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Critic deconstructs art of writing fiction

'How Fiction Works'
By James Wood
Published by Farrar, Straus & Giroux,
265 pages, $24

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In "How Fiction Works," James Wood "asks a critic's questions and gives a writer's answers" about serious fiction.

He considers his book a sustained argument with his favorite 20th century critics, Roland Barthes and Viktor Shklovsy, but also takes on others, such as William Gass, professor emeritus of Washington University.

Wood, a book critic at the New Yorker and a professor of the practice of literary criticism at Harvard University, is a practical rather than theoretical critic who asks age-old questions: What makes a successful metaphor or a compelling character? How do brilliant use of detail and point of view work together to move us? How do narration, language and dialogue contribute to truth and realism in the novel?

Wood succeeds, for the most part, in offering answers, and his work should supplant E.M. Forster's dated "Aspects of the Novel" as the canonical text on criticism.

In chapters subdivided into short numbered paragraphs, he writes with a direct eloquence. In these chapters, unlike in his previous two collections of polemic essays, his overall tone is one of praise.

He is unafraid to exclaim, "What a piece of writing this is!" about a passage from Henry James. In a look at Flaubert, Wood says, "How superb and magnificently isolate these details are — the women yawning, the unopened newspapers, the washing quivering in the warm air."

He extols, "How fine that is," about the phrase "weedy little mortality patch" from Marilynne Robinson's "Gilead" and, "How lovely the simplicity" on the ending of Chekhov's "Ward 6."

On the other hand, Wood labels Gass — whose books have three times won criticism awards from the National Book Critics Circle — an opponent of fictive convention. He finds Gass' criticism of a passage from Henry James' "The Awkward Age" "deeply and incorrigibly wrong." When Gass writes, "There are no descriptions in fiction, there are only constructions," Wood retorts: "To deny character with such extremity is to deny the novel."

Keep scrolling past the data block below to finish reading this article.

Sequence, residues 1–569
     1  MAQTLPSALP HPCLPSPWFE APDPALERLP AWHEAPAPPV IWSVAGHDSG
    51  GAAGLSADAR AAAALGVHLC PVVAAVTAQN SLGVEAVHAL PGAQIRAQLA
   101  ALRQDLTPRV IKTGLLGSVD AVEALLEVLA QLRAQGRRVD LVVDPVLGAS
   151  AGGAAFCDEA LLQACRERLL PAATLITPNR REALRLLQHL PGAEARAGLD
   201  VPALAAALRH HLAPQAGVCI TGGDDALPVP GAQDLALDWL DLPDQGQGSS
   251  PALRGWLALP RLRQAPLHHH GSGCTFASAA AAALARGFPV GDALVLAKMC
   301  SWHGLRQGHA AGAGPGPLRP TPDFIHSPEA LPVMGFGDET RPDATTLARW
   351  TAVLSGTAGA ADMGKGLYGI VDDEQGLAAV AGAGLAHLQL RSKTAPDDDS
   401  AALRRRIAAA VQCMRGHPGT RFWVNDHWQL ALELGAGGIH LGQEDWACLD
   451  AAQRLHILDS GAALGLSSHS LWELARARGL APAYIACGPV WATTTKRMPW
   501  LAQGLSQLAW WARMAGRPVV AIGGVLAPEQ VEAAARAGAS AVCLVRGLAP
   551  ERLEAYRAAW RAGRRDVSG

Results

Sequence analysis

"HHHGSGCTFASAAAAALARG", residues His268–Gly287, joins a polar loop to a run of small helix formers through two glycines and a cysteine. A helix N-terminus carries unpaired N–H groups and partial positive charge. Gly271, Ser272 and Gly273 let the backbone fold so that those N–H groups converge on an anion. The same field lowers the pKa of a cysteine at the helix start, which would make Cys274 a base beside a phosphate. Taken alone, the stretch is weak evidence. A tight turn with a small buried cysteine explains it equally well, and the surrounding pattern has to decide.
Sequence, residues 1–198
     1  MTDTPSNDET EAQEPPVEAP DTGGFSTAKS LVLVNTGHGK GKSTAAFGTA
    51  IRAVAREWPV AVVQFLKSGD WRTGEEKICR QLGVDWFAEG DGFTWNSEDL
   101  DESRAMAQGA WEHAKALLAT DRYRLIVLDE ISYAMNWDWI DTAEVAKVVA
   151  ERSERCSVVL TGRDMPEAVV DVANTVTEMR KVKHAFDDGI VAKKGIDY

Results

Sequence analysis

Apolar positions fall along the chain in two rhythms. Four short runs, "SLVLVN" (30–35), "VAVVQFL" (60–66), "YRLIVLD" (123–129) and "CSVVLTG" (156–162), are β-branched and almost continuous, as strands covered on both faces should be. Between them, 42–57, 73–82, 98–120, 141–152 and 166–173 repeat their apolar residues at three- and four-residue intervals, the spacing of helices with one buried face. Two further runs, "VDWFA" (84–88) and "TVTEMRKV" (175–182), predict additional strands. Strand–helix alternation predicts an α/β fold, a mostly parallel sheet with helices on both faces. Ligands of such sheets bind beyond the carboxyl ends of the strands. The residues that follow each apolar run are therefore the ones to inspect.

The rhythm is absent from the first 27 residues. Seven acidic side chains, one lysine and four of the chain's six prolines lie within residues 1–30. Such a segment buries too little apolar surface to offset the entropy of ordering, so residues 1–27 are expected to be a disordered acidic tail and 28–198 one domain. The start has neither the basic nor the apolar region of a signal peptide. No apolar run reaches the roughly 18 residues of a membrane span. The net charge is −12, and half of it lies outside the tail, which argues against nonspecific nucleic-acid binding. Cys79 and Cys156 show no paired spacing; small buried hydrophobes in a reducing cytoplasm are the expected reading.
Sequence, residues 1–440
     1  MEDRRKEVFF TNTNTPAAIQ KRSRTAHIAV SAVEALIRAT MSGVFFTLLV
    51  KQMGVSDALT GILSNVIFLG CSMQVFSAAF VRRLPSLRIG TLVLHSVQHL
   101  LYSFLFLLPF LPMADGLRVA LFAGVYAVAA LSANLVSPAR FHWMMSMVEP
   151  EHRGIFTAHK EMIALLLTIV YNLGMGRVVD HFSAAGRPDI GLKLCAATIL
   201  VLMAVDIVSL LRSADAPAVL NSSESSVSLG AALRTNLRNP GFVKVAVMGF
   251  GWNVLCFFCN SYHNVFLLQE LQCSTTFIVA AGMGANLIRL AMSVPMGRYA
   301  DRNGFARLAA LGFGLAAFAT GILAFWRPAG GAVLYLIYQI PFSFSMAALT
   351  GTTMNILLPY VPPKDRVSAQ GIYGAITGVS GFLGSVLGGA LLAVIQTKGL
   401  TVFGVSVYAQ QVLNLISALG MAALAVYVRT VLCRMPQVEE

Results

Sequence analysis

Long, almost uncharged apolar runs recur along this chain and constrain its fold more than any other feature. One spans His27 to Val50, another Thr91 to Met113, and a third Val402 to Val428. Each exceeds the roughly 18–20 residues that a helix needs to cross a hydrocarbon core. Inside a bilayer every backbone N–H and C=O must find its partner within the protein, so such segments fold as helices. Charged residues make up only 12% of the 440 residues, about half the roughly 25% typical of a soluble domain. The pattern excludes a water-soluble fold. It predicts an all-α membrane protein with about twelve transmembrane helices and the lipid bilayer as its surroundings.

His critical bite isn't limited to other critics. He admonishes novelists when their authorial voice writes over characters as John Updike's rich and stylish voice does in "Terrorist."

Suddenly, Updike's 18-year-old protagonist's thoughts make the uneasy transition to theology: "He will not grow any taller, he thinks. … What infinite source of energy would maintain opulent Eden," Wood correctly criticizes the sentence as its syntax and lyricism are Updike's, not Ahmad's.

Among Wood's favorite writers are Flaubert, who established the modern realistic narrative, and Saul Bellow, whose attention to detail he admires, though he confesses ambivalence about detail in general. Wood relishes it, consumes it, but chokes on too much of it. He enjoys a detail with a certain "thisness," one that seems really true, that "kills abstraction with a puff of palpability."

There is nothing harder than creating a fictional character, Wood says, disagreeing with Forster's idea of "flat" and "round" characters. "Flatness," Wood says, "is more interesting than he (Forster) makes it out to be … and roundness more complicated."

On occasion, Wood finds many so-called flat characters more palpable and alive than their "round" counterparts. "We can tell a great deal from a character by how he talks … how he bumps against the world."

Same goes for a critic: We see Wood as a maturing critic whose criticism has evolved into something more "rounded" — as likely to praise as rebuke — and more palpable.

Joseph Peschel is a writer in South Dakota.

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